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DUBAI - A career in the film making industry intrigues creative minds. Being able to tell a story and create compelling visuals that bridge cultures is a dream come true. And, a few Emiratis are willing to take risks and share stories through films.


Muaz Shabandri

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Published: Tue 28 Dec 2010, 9:58 PM

Last updated: Mon 6 Apr 2015, 3:07 AM

“Even if we have few film makers in the UAE, we manage to come out with quality films that make a name for themselves internationally,” says Masoud Amralla Al Ali, Artistic Director, Dubai International Film Festival (DIFF).

With 70 to 80 films produced every year in the UAE, the success stories of the likes of Nayla Al Khaja and Ali Mostafa have motivated Emirati students to make a name for themselves in the film industry.

“Students looking to make a career in film making need to think visually and be aware of the different cultures that surround them. In the coming years, there will be a great demand for directors, screen writers and editors in the UAE. Also, there are not many producers who can work as match-makers between the film maker and the financer. These roles need to be explored by students,” adds Masoud.

Fresh from the success of her latest movie Mallal, Nayla Al Khaja strongly feels the need for backing students who seek the support of industry professionals to guide them.

“There are many Emirati women who go abroad to study subjects like medicine, architecture and engineering but very few explore the opportunities in film studies. It is important to explore the film industry in other parts of the world because it gives you a better understanding of world cultures.

If going abroad is not an option, these students can take up internships at production companies involved in producing TV commercials. Although it may not be film making in the actual sense, it is a great way to gain exposure and understand the dynamics of camera, lighting, sound and production,” adds Nayla who regularly works with interns at her production house.

“Being passionate about film making is really important because there are a lot of sacrifices that need to be made,” added Nayla. “At the end of the day, the films should last for years and should capture a moment of history and culture in them.”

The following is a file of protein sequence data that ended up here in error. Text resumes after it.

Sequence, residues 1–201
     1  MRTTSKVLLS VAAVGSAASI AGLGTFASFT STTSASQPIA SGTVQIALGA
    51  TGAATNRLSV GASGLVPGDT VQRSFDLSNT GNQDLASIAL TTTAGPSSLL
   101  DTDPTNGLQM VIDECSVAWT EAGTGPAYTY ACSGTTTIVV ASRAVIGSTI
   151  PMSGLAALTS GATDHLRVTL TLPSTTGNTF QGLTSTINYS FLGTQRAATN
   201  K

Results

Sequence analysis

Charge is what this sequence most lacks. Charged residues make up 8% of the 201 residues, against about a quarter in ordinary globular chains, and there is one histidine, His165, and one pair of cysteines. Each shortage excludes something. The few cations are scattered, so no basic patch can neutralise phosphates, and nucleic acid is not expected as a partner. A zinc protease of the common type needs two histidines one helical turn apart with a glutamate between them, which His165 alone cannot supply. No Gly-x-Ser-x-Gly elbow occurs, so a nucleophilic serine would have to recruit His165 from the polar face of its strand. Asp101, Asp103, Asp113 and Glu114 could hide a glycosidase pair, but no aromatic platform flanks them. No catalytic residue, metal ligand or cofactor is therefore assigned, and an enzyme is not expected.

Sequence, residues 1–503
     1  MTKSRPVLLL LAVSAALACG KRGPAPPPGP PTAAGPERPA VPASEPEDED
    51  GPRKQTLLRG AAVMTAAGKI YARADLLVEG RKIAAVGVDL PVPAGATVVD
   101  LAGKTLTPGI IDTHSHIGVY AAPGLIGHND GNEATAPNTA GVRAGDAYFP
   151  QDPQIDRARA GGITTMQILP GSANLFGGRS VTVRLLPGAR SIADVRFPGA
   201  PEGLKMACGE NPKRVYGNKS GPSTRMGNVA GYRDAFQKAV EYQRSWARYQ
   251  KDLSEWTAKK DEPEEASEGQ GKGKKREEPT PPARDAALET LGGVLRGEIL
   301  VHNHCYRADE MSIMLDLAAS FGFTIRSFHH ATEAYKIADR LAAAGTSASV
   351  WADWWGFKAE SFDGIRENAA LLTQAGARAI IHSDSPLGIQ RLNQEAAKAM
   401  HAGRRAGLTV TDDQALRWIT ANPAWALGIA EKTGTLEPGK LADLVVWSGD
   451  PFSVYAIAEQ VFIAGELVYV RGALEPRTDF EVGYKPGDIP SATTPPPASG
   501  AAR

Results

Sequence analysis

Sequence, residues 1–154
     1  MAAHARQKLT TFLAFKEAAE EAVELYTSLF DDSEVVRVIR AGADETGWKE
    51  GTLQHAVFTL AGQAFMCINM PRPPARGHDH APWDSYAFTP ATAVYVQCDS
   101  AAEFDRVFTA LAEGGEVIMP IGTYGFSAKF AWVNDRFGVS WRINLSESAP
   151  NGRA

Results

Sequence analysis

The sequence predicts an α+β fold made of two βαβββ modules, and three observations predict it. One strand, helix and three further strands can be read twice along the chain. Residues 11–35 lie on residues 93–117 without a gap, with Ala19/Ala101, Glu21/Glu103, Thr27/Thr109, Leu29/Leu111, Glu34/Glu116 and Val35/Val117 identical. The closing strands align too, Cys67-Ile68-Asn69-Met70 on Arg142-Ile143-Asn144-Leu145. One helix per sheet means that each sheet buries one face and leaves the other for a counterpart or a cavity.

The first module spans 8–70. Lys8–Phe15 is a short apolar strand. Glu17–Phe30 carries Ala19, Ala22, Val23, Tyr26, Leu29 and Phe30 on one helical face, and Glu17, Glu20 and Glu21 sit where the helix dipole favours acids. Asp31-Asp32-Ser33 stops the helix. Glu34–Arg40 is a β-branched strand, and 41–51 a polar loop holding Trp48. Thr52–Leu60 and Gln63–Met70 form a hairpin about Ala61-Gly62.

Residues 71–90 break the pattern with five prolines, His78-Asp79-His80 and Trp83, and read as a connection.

However, Nayla laments the modest education opportunities and strict cultural limitations placed on Emirati women interested in film studies as most students are put off with the provisos.

“An Emirati family might object to their daughter studying at a film school but they should understand and place their trust in their kids. Being an Emirati, I feel it is our responsibility to share our stories with the world so that they know about our cultures and traditions,” says Nayla.

It is a very ‘difficult’ industry according to Ali Mostafa, a leading Emirati filmmaker, who says he survived by producing TV commercials.

“Making income from short-films is difficult but we need more local talent to come into this field. Although they might not have a background in filmmaking, they can get practical experience by working with production houses.”

“A lot of Emiratis are going out and making films but not all of them do it for a living. Most of them make experimental films as part of their hobby and there are only a handful of them who make films for a living,” says Ali Mostafa,

City Of Life, which was Ali Mostafa’s first feature film, took four years to complete with a budget of $5million. He says, the movie was made to ‘prove a point.’

“I wanted to show the world that we are able to make films of good quality in the UAE and the movie is out there to prove the point.”

“The problem is we don’t have enough cinemas to screen the movies coming out of this region. Also, we don’t have an Emirati crew who can work in specialised roles. We are still in the early stages, but there will be a lot of students who will come to this industry in the next few years,” adds Ali who is currently working on his second feature film, a road movie from Abu Dhabi to Beirut.

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